Midlist books are books that are not bestsellers but still generate enough revenue for the publisher to make a profit. These books typically sell between 5,000 and 10,000 copies.
Midlist books are usually published by large publishing houses and are usually written by established authors. These books are not always marketed heavily, but they still generate enough interest to sell reasonably well.
Midlist books often fill a niche market and may appeal to a specific audience. For example, a midlist book about bird-watching might appeal to bird-lovers who are looking for more in-depth information than what is found in a bestseller about birds.
Midlist is a term used in the book publishing industry to describe a book that is not a bestseller but still sells well enough to be profitable. Midlist books are typically published by mid-sized or small presses, and often appeal to niche audiences.
While midlist books may not have the same mass appeal as bestsellers, they are still an important part of the publishing landscape. Midlist books often take risks that bigger publishers are unwilling to take, and they help to foster a love of reading in niche audiences.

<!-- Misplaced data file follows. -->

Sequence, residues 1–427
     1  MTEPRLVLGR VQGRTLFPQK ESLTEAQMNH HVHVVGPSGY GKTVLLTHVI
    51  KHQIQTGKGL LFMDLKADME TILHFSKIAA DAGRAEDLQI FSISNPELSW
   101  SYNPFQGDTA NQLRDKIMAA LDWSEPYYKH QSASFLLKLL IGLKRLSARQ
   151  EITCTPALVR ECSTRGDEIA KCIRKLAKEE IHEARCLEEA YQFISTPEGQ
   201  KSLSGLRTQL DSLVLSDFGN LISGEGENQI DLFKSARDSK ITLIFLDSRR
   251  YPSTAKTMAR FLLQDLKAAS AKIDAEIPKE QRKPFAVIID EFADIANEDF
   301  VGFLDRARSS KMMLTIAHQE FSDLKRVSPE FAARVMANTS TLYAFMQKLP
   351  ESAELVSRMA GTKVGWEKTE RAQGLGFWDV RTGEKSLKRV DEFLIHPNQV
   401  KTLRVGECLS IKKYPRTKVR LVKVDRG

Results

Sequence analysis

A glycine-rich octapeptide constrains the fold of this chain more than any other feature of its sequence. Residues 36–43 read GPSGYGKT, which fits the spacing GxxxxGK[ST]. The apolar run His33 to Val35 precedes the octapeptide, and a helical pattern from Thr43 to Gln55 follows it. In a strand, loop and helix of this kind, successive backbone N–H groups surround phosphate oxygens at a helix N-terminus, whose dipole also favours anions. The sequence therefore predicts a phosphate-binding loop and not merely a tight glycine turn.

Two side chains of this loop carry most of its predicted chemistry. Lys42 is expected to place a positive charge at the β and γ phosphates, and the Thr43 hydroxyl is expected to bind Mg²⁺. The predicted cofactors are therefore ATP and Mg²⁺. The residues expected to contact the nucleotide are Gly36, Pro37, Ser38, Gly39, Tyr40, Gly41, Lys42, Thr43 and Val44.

The purpose of the midlist is to provide a space for books that are not bestsellers but still have good sales and/or critical reception. The midlist is important because it provides a space for books that might not be bestsellers but are still of good quality. This is important because it allows for a diversity of books and ideas, and it allows for smaller publishers and presses to compete with the big five.
In a world where bestsellers often dominate the book market, midlist books provide an important counterbalance. They offer readers a chance to discover new voices and new stories, and they help to keep the publishing industry diverse and vibrant.